Trollope in Barsetshire
Riverside Studios Spring 2011
Edward Fox is an actor I could happily watch reading the telephone directory, so much charm and ease does he bring to every performance.
And if there are stray moments in this programme that approach that, it says more about my limited affinity for the novels of Anthony Trollope than about the actor.
Trollope was the 19th-century chronicler of clergy and gentry in an imagined cathedral city and its surrounding county. Deviser-director Richard Digby Day has selected moments from the six Barsetshire novels and put them in the frame of excerpts from Trollope's autobiography.
This allows Edward Fox to present Trollope as an amiable gentleman who enjoyed both writing and the trappings of success, and who is glad to introduce us to his favourite characters.
So, from The Warden we meet the title character, a remarkably honourable little clergyman who doesn't feel he deserves the very generous stipend of his position and shocks those around him by resigning.
The bishop's wife in Barchester Towers has a personal pipeline to heaven and sees to it that nothing happens in the diocese without her oversight and approval. And when that good lady dies a few volumes later, the poor bishop can't be sure whether what he feels is grief or relief.
What those selections emphasise is Trollope as social satirist, and Edward Fox skilfully winnows out every hint of humour or irony, delivering them with the barest suggestion of an arched eyebrow.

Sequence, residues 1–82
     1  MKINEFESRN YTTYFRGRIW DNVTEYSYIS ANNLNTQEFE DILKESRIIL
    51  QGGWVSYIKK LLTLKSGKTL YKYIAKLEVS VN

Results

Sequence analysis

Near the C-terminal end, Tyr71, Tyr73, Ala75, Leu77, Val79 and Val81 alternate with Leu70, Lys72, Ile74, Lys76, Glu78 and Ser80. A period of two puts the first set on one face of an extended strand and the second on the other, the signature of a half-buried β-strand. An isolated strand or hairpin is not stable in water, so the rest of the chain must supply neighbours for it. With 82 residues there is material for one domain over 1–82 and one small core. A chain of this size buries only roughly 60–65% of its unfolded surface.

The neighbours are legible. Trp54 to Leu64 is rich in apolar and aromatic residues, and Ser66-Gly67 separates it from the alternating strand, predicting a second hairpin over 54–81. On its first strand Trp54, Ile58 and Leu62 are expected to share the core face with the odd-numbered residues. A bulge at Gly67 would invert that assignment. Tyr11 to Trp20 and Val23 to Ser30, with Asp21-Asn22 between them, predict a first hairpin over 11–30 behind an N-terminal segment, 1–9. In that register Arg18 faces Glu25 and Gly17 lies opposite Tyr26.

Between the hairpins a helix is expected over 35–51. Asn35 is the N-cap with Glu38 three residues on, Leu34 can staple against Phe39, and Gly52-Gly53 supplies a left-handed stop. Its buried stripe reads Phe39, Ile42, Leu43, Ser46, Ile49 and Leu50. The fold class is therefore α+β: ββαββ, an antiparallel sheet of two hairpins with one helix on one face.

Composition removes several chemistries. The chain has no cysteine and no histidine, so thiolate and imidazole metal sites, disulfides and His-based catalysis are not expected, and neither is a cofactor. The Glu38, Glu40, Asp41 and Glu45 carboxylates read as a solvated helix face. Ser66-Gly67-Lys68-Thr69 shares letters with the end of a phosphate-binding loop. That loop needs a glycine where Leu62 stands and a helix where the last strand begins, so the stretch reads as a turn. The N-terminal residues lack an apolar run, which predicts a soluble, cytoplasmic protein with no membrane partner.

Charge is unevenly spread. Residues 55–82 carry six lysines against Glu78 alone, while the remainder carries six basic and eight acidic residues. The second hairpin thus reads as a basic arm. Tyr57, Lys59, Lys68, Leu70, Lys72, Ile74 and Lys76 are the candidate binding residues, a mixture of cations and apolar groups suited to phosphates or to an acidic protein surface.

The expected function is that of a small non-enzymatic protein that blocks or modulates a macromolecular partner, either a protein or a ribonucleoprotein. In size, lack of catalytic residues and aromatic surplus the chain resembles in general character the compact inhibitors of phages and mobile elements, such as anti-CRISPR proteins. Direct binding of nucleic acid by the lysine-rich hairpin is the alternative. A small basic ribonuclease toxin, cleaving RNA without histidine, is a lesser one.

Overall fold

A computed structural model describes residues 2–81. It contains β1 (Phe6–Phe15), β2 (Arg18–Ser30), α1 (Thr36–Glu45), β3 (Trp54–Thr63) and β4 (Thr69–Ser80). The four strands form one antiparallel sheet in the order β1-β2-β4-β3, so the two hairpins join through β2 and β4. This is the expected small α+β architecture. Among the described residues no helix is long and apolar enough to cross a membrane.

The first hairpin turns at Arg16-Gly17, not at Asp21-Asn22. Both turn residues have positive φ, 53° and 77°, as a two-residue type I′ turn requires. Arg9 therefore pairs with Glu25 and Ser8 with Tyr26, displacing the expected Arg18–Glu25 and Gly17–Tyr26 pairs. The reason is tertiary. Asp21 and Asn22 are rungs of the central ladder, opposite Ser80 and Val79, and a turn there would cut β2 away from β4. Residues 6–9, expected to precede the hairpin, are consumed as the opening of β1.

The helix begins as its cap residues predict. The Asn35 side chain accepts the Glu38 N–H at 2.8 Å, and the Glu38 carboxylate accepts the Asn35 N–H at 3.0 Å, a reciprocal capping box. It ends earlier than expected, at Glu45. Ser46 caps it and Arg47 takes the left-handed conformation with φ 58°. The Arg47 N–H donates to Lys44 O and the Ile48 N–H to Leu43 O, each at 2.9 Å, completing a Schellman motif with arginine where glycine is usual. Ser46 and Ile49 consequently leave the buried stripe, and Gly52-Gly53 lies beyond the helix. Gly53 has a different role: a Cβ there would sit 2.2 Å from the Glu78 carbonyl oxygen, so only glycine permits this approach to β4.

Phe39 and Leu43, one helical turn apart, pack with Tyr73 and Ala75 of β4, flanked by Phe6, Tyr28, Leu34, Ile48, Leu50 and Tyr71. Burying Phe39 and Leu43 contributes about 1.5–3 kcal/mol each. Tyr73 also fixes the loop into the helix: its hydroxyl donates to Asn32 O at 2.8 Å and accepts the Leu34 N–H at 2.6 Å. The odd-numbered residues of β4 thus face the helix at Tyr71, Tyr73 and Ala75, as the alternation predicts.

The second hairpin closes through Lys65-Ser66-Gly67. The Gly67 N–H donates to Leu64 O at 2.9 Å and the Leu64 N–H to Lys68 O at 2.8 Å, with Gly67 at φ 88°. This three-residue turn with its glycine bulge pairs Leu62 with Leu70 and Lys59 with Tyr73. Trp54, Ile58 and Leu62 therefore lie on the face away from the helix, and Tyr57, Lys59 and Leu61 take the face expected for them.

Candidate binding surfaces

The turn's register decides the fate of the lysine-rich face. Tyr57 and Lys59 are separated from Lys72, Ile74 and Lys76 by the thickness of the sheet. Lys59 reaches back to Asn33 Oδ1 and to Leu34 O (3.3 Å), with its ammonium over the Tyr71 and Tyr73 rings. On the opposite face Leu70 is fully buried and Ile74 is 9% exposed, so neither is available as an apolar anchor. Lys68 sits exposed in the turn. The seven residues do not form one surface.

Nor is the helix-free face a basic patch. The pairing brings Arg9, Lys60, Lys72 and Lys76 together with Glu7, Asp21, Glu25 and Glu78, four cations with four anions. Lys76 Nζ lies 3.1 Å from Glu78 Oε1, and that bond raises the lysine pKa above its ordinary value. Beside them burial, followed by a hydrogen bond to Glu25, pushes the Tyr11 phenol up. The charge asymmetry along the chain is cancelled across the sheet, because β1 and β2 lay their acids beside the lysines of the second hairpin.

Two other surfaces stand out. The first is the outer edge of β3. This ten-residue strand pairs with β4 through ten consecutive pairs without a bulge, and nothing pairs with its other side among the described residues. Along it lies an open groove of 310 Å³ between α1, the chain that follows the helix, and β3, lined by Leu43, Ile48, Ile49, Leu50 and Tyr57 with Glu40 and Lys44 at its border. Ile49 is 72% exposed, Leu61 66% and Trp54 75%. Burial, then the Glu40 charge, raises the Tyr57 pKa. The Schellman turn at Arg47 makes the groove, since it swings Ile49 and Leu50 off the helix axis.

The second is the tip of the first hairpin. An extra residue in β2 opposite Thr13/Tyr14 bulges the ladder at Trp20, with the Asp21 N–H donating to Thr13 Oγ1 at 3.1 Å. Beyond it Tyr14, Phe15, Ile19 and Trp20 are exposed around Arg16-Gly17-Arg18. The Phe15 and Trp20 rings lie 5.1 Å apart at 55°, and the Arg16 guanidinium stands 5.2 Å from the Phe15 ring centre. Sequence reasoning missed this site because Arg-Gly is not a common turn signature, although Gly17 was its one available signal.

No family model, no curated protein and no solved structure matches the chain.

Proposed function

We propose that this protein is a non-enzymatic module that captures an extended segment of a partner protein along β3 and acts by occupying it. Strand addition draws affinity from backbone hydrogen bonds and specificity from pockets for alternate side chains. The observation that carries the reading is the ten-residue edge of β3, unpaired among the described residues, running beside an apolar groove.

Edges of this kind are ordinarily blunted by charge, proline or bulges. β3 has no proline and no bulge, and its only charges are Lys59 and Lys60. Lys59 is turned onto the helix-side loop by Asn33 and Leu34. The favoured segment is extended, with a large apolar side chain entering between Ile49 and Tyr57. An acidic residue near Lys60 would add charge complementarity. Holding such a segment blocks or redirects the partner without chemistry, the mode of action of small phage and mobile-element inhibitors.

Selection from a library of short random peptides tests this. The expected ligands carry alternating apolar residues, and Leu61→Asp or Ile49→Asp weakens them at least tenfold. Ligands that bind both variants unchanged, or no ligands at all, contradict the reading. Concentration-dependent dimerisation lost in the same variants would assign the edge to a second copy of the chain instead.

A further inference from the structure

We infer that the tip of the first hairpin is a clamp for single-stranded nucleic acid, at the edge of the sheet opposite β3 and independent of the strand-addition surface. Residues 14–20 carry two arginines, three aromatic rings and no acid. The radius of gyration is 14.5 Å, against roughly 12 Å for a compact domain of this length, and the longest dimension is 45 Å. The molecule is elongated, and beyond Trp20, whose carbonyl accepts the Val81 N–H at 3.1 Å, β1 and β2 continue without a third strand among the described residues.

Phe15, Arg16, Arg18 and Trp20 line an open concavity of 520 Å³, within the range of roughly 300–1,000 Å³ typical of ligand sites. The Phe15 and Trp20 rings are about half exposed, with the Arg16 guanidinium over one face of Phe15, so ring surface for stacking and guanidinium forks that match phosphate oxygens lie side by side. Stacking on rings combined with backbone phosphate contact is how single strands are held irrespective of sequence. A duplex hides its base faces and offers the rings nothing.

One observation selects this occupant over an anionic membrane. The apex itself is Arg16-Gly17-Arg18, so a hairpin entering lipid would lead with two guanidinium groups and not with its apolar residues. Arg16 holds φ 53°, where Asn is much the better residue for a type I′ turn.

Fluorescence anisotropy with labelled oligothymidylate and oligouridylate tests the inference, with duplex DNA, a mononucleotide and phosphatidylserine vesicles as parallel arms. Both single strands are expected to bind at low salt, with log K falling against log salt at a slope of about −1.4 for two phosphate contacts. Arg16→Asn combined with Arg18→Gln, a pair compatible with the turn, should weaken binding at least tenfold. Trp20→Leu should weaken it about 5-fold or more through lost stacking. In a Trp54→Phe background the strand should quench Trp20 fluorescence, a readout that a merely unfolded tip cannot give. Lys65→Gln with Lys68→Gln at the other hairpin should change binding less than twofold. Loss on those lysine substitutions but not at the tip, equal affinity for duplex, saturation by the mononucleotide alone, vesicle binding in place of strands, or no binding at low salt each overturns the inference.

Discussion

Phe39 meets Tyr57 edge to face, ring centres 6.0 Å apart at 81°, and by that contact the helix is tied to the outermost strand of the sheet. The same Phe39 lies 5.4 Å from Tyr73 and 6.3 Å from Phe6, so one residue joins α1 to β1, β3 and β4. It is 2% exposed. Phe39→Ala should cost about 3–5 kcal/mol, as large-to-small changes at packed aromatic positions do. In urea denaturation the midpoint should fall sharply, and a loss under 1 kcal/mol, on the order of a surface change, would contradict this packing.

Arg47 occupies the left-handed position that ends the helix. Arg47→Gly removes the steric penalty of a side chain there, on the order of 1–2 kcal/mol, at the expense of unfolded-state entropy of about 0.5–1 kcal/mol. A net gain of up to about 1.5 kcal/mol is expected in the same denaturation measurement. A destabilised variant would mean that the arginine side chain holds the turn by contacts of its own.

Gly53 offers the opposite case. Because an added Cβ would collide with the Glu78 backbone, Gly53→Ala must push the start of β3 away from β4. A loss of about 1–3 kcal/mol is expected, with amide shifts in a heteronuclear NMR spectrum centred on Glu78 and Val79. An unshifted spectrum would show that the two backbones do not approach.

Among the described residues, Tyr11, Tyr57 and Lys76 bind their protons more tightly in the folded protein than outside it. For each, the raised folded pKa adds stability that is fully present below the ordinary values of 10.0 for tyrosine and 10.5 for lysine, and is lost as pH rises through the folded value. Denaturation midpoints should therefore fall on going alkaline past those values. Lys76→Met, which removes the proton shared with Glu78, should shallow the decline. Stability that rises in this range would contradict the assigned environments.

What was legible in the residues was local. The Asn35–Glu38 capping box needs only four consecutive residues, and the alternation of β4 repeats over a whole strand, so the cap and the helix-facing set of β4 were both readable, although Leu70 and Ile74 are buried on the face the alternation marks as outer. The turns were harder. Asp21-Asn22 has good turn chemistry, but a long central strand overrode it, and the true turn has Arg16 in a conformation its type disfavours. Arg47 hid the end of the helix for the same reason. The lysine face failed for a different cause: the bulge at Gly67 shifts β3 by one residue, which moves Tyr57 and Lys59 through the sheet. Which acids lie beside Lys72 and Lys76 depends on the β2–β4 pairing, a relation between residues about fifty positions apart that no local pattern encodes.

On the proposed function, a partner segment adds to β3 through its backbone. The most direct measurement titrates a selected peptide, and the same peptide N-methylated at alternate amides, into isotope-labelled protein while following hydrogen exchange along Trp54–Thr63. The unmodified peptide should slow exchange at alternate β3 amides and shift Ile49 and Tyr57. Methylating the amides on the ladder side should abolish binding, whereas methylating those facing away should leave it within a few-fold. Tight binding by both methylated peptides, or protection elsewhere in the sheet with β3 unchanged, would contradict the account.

The actor is similarly subtle - and all the more effective for it - in his reading of the one dark selection, a passage from Framley Parsonage describing the body- and soul-destroying effects of poverty on a very poorly paid country parson.
Fox doesn't drive anything home, but just lets the quiet anger of the writing creep slowly into his delivery.
Trollope is not Dickens. He operates in miniatures and subtle suggestions easily missed in the grand scope of the novels, rather than in broad strokes.
And so, for all Edward Fox's talent and sensitivity, the selections from the novels repeatedly threaten to go on a little too long after making their little points, and it is at those moments that the actor is in greatest danger of losing us.
I am glad to be shown that there are subtleties to Trollope I didn't see in my own reading. I am very glad, as always, to witness the grace, skill and intelligence of one of my favourite actors.
And, unless you are more attuned to Trollope's vision than I, I think it will be the actor, more than the novelist, who will make this a pleasurable evening.
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of Trollope In Barsetshire - Riverside Studios 2011